[Illustration by GREG JOENS]

Colonel.jpgBY COLONEL TOM SHEEHY In the Spring of 1978, I was working for A&M Records in Boston. I was staying at the Copley Plaza Hotel, and as I was getting dressed, I decided not to wear my jacket that morning. I got on the elevator, and as it stopped on the floor below me, a man got on who looked very familiar, but what really caught my attention was his manner of dress. He was wearing a very heavy winter coat which suggested to me, the weather must have changed over night. I debated whether or not to go back to my room and get a sweater or a jacket, but just then, the elevator door opened. The man and I got out and proceded to walk to the front door of the hotel. As I got closer to the entrance, I could see that there was a lot of snow on the ground. I was somewhat perplexed, because yes, this was Boston, but it was springtime! Just then, a guard stopped me and said I would have to use the side entrance of the hotel to exit the building. I asked him why, and he told me because they are filming in front of the hotel. Ah ha !!! Then it dawned on me. It was fake snow, and  the man with the squinty face was an actor. In fact he was Peter Falk, and they were filming the television series “Coloumbo.”

RELATED: Mr. Falk’s prime-time popularity, like that of his contemporary Telly Savalas, of “Kojak” fame, was founded on a single role. A lieutenant in the Los Angeles Police Department, Columbo was a comic variation on the traditional fictional detective. With the keen mind of Sherlock Holmes and Philip Marlowe, he was cast in the mold of neither — not a gentleman scholar, not a tough guy. He was instead a mass of quirks and peculiarities, a seemingly distracted figure in a rumpled raincoat, perpetually patting his pockets for a light for his signature stogie. He drove a battered Peugeot, was unfailingly polite, was sometimes accompanied by a basset hound named Dog, and was constantly referring to the wisdom of his wife (who was never seen on screen) and a variety of relatives and acquaintances who were identified in Homeric-epithet-like shorthand — an uncle who played the bagpipes with the Shriners, say, or a nephew majoring in dermatology at U.C.L.A. — and who were called to mind by the circumstances of the crime at hand. It was a low-rent affect that was especially irksome to the high-society murderers he outwitted in episode after episode. MORE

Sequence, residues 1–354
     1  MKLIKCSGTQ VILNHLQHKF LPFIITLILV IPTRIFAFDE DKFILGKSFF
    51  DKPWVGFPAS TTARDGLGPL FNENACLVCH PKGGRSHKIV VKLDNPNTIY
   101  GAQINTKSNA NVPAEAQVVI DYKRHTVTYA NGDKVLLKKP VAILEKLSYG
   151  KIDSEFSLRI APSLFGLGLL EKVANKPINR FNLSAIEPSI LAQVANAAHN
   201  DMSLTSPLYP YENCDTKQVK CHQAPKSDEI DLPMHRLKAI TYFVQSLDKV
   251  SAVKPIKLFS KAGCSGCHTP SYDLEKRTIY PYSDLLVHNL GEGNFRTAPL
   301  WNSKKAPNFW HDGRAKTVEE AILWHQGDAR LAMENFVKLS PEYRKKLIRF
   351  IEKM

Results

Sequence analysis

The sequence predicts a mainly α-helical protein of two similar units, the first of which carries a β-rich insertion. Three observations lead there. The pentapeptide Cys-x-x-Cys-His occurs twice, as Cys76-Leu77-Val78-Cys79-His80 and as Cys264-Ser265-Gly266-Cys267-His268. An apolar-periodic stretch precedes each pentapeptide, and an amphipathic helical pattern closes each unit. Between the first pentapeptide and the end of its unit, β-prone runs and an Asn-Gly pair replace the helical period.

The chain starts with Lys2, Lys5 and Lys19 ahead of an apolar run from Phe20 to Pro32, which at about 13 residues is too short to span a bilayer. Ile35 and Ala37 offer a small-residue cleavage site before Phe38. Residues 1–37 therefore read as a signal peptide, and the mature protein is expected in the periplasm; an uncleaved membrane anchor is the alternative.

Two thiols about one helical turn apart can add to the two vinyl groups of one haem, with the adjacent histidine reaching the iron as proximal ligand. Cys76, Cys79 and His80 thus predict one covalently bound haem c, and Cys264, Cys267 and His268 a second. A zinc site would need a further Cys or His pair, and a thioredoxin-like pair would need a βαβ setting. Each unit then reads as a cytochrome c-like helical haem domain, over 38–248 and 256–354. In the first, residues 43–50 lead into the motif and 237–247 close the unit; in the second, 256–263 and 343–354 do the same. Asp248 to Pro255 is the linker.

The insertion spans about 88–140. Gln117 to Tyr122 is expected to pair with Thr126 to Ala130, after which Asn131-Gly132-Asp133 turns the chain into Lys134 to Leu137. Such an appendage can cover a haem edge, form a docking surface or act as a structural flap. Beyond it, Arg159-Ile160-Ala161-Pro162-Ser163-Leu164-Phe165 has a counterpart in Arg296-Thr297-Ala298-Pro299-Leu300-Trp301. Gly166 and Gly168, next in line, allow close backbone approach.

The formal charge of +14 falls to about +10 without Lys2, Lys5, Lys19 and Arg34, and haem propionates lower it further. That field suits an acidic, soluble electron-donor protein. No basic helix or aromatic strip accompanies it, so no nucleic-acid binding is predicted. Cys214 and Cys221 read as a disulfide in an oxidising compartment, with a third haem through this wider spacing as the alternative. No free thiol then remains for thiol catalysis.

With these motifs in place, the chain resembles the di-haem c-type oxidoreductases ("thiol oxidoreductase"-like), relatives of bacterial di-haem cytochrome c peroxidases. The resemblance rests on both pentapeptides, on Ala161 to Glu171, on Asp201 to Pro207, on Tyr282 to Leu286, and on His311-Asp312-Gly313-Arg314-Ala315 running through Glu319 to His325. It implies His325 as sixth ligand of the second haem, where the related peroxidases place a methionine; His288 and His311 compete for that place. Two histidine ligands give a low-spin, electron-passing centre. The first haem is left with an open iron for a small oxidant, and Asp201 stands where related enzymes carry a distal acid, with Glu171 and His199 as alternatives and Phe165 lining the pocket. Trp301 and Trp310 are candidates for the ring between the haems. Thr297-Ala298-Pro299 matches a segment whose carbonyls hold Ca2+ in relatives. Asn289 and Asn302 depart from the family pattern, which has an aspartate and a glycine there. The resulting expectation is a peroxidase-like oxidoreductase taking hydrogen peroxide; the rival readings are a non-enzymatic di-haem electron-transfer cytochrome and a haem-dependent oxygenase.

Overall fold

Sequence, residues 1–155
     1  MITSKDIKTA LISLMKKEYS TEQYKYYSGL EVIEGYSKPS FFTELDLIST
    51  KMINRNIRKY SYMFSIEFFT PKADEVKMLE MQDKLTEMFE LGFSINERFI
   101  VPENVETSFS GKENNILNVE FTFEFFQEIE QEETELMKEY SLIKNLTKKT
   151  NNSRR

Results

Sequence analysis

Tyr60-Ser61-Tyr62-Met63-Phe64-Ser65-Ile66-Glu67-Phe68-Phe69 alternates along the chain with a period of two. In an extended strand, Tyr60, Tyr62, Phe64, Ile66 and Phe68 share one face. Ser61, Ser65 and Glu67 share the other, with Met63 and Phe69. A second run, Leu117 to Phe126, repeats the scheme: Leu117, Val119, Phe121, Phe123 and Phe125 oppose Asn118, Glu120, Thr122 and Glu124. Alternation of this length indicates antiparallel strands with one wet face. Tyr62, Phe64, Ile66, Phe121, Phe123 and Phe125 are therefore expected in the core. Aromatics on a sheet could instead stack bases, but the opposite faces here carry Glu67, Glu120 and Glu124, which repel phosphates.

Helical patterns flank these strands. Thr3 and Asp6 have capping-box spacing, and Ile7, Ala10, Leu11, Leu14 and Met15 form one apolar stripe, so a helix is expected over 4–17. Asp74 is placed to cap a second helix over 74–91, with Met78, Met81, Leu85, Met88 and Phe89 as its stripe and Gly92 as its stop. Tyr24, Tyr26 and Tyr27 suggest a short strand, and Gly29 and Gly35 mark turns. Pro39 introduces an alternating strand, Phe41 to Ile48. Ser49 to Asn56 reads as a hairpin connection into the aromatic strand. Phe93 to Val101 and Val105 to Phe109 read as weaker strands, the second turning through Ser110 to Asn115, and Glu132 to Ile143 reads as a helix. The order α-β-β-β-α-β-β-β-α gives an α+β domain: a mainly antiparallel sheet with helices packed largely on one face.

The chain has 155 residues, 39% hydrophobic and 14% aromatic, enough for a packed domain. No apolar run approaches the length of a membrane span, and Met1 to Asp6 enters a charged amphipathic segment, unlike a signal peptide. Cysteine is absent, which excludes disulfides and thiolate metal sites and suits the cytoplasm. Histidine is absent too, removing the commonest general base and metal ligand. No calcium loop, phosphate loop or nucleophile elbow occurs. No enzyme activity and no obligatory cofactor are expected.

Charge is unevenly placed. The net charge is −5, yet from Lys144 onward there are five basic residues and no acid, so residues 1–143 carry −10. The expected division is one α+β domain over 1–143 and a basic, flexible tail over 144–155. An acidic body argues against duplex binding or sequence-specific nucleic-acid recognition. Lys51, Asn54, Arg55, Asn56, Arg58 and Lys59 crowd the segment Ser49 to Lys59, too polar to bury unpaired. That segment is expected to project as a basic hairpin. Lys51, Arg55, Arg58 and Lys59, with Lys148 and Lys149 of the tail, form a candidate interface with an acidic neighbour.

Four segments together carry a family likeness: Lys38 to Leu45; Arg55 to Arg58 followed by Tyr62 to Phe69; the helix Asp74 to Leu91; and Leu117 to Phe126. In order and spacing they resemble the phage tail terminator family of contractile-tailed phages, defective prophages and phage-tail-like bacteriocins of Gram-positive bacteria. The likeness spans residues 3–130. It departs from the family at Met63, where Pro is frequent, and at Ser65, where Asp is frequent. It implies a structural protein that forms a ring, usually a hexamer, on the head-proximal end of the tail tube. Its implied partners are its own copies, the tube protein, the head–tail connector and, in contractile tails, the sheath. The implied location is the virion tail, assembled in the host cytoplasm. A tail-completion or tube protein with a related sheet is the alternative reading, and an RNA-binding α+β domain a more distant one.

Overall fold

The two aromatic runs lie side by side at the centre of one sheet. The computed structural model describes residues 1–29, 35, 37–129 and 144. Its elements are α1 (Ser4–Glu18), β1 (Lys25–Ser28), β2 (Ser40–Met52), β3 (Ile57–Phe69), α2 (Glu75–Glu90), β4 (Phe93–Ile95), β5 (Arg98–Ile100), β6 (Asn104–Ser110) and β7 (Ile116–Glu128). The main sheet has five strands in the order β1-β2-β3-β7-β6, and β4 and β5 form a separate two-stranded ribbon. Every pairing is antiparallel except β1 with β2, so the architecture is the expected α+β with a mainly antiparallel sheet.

listen.gifFRESH AIR: Peter Falk joined Fresh Air‘s Terry Gross in 1995 for a discussion about his acting career and about what it was like to grow up with a glass eye. “I was very comfortable with it,” he said. “And I realized you could get a laugh with it. … You could always get people’s attention if you took a spoon and tapped it.” MORE

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